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Location and behavioral effects of lectin binding on entomopathogenic nematodes with different foraging strategies
Year:
1996
Source of publication :
Journal of Chemical Ecology
Authors :
Glazer, Itamar
;
.
Volume :
22
Co-Authors:
Lewis, E.E., Department of Entomology, New Jersey Agricultural Experiment Station Cook College, Rutgers University, New Brunswick, 08903-0231, New Jersey, United States
Glazer, I., Department of Nematology, Volcani Center, ARO, Bet Dagan, 50-250, Israel
Gaugler, R., Department of Entomology, New Jersey Agricultural Experiment Station Cook College, Rutgers University, New Brunswick, 08903-0231, New Jersey, United States
Facilitators :
From page:
455
To page:
466
(
Total pages:
12
)
Abstract:
Lectins have been used to locate and ascribe a function to sensory organs of nematodes. We had two objectives: (1) to determine the location of carbohydrate exudates on the surface of three species of entomopathogenic nematodes with different foraging strategies and (2) to evaluate the importance of carbohydrates in host finding and recognition. Steinernema carpocapsae finds hosts by ambushing, and most individuals respond poorly to host cues. No specific areas of lectin binding were recorded for this species. Wheat germ agglutinin bound specifically to the anterior region of Heterorhabditis bacteriophora and to the anterior and posterior of S. glaseri. These two nematode species are cruise foragers and are highly responsive to host cues. The behavioral effects of lectins varied. None of the species' responses to volatile host cues was affected. S. carpocapsae's rate of attachment during ambushing was increased by treatment with WGA, and this effect was negated by treatment with a competing sugar (N-acetylglucosamine). The infectivity of S. glaseri in an assay that required movement through 5 cm of sand to find the host was significantly decreased by treatment with WGA. © 1996 Plenum Publishing Corporation.
Note:
Related Files :
Behavior
biological control
Ecology
Entomopathogenic nematodes
foraging
insects
lectins
Show More
Related Content
More details
DOI :
10.1007/BF02033648
Article number:
0
Affiliations:
Database:
Scopus
Publication Type:
article
;
.
Language:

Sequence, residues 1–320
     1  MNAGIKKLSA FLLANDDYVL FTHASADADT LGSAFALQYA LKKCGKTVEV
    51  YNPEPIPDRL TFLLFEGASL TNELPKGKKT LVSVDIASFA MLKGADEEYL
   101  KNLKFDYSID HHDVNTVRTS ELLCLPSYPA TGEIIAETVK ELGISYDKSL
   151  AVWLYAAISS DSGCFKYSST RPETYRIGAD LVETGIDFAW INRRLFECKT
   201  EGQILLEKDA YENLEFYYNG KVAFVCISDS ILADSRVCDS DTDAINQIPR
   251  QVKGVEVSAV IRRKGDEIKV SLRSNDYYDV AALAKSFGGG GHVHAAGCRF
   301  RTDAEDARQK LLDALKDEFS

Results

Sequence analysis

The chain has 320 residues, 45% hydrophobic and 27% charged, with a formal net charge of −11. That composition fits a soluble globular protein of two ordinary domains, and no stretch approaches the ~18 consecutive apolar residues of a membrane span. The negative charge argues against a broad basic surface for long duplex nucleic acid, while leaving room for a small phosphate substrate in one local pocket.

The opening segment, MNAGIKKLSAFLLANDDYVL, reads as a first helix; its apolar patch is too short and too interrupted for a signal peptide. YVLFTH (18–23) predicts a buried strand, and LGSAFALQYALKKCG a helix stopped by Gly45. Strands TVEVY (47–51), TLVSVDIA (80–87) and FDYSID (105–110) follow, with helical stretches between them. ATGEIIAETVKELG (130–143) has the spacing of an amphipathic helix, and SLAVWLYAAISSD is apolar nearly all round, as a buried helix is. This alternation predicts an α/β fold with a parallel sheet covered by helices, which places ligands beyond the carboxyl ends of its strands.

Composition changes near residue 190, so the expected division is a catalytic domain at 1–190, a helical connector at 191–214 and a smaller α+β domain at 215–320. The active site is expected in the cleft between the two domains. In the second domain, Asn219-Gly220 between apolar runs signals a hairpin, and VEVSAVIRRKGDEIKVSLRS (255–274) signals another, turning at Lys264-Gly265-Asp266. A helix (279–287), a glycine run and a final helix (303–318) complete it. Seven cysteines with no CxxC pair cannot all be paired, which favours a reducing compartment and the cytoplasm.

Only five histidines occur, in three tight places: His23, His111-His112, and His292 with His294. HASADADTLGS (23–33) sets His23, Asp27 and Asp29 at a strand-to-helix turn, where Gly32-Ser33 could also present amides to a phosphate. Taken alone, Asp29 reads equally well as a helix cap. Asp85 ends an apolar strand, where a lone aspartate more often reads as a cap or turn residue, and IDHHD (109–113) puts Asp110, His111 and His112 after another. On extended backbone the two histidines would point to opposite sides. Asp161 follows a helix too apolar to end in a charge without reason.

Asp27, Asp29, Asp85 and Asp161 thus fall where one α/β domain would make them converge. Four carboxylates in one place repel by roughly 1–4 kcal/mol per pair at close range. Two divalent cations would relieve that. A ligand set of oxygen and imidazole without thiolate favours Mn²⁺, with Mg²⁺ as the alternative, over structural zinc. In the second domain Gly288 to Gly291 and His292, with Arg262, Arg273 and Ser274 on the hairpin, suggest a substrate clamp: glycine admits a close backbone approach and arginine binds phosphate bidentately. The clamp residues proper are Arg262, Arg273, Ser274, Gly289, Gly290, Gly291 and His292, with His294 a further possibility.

English
Editors' remarks:

Itamar's own PDF.

ID:
27748
Last updated date:
02/03/2022 17:27
Creation date:
17/04/2018 00:33
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Scientific Publication
Location and behavioral effects of lectin binding on entomopathogenic nematodes with different foraging strategies
22
Lewis, E.E., Department of Entomology, New Jersey Agricultural Experiment Station Cook College, Rutgers University, New Brunswick, 08903-0231, New Jersey, United States
Glazer, I., Department of Nematology, Volcani Center, ARO, Bet Dagan, 50-250, Israel
Gaugler, R., Department of Entomology, New Jersey Agricultural Experiment Station Cook College, Rutgers University, New Brunswick, 08903-0231, New Jersey, United States
Location and behavioral effects of lectin binding on entomopathogenic nematodes with different foraging strategies
Lectins have been used to locate and ascribe a function to sensory organs of nematodes. We had two objectives: (1) to determine the location of carbohydrate exudates on the surface of three species of entomopathogenic nematodes with different foraging strategies and (2) to evaluate the importance of carbohydrates in host finding and recognition. Steinernema carpocapsae finds hosts by ambushing, and most individuals respond poorly to host cues. No specific areas of lectin binding were recorded for this species. Wheat germ agglutinin bound specifically to the anterior region of Heterorhabditis bacteriophora and to the anterior and posterior of S. glaseri. These two nematode species are cruise foragers and are highly responsive to host cues. The behavioral effects of lectins varied. None of the species' responses to volatile host cues was affected. S. carpocapsae's rate of attachment during ambushing was increased by treatment with WGA, and this effect was negated by treatment with a competing sugar (N-acetylglucosamine). The infectivity of S. glaseri in an assay that required movement through 5 cm of sand to find the host was significantly decreased by treatment with WGA. © 1996 Plenum Publishing Corporation.
Scientific Publication
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